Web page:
I take opportunities like this to be a personal sign, pointing me right to where my work is. I allow it to guide me in my own growth. For example, in your situation, here are some questions I might ask myself:

1) Do I know for sure that my judgment of this person’s behavior is accurate? (For instance, can I be certain that they are not aligned with their integrity?)

2) Can I imagine a back-story that would allow me to find compassion for them? (Can I love them in all of their imperfection and humanness?)

3) Is there an area of my life where I have the same judgment about myself? Do I need to change something about my own behavior to stop judging myself?

To put it bluntly, the basic premise of my line of questioning is this:

A) How am I just like this person?

As much as I might wish it weren’t true,  there is sure to be an aspect of myself I am seeing in them, and rejecting in myself.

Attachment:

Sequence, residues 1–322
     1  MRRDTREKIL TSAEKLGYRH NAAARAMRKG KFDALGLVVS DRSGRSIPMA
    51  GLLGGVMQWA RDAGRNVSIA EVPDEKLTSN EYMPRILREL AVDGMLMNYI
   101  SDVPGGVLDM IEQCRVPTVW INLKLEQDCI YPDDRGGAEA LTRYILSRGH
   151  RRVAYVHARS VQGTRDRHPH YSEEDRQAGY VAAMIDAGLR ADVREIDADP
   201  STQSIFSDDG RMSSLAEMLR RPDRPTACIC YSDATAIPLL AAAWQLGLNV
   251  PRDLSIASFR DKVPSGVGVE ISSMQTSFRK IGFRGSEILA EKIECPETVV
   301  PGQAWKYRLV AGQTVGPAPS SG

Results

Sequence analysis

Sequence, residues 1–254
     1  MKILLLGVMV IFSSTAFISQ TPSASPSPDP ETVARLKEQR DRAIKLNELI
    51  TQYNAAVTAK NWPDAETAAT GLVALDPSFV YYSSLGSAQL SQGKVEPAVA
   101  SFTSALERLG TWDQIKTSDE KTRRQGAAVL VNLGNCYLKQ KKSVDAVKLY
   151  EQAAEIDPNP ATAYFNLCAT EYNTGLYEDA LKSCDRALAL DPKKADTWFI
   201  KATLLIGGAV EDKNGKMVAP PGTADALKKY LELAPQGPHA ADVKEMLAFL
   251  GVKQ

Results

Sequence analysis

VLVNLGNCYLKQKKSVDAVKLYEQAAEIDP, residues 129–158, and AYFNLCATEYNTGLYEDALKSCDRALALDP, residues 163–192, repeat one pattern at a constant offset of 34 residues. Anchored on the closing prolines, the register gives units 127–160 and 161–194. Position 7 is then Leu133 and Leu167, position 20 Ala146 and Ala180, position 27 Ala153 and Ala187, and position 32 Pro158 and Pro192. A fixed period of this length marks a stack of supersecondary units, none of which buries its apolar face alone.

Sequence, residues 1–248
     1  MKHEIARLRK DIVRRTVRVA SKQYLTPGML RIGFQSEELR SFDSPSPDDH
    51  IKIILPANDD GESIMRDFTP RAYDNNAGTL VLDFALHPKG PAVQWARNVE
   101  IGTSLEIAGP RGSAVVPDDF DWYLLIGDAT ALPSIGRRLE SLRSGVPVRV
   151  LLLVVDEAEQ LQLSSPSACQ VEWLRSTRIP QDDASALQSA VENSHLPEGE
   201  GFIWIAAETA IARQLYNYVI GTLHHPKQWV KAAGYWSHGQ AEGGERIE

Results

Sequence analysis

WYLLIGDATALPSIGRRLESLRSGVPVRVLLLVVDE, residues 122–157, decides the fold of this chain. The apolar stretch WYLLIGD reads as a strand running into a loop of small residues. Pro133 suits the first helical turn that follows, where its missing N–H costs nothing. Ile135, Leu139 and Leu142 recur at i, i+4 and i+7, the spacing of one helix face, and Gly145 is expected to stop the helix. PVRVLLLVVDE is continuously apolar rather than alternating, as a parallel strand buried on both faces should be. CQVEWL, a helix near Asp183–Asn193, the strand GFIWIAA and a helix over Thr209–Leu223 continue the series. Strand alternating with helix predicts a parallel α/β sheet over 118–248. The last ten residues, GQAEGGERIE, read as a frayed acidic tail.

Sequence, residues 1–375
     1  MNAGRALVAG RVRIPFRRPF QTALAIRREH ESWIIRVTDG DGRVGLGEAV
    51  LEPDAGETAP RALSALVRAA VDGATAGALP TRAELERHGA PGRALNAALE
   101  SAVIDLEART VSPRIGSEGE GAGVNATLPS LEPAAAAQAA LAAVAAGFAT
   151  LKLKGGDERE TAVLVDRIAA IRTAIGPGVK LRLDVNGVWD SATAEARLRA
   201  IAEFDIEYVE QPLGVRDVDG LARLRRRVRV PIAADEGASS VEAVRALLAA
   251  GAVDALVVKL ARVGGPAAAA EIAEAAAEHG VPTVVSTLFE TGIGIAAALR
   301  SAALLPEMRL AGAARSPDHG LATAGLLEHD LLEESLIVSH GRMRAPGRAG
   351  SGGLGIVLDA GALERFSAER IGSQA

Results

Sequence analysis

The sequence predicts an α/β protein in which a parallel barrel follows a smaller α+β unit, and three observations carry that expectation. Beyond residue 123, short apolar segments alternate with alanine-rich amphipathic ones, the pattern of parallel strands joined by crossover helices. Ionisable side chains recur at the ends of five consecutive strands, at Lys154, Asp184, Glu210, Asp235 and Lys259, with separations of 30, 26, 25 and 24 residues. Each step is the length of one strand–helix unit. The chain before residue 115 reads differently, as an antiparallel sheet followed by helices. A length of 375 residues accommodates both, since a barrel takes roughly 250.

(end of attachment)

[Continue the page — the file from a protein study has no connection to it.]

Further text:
B) Can I love and have compassion for this part of myself?

If not, this is where to focus my attention and spiritual practice.

All of this said, if it feels really right to you to take a different path, then I say “go for it!” Always go with what really feels deeply right to you. If you regret it later, it will have been your perfect path of growth and learning. Cuz that’s just how it works. And in this regard, you simply can’t get it wrong.

Blessings and Love to you,


How have you handled the transgressions of friends? Share your comments below!

Have a question for Meli? Interested in a private session (in person or Skype)? Contact her at meli@ohmygodlife.com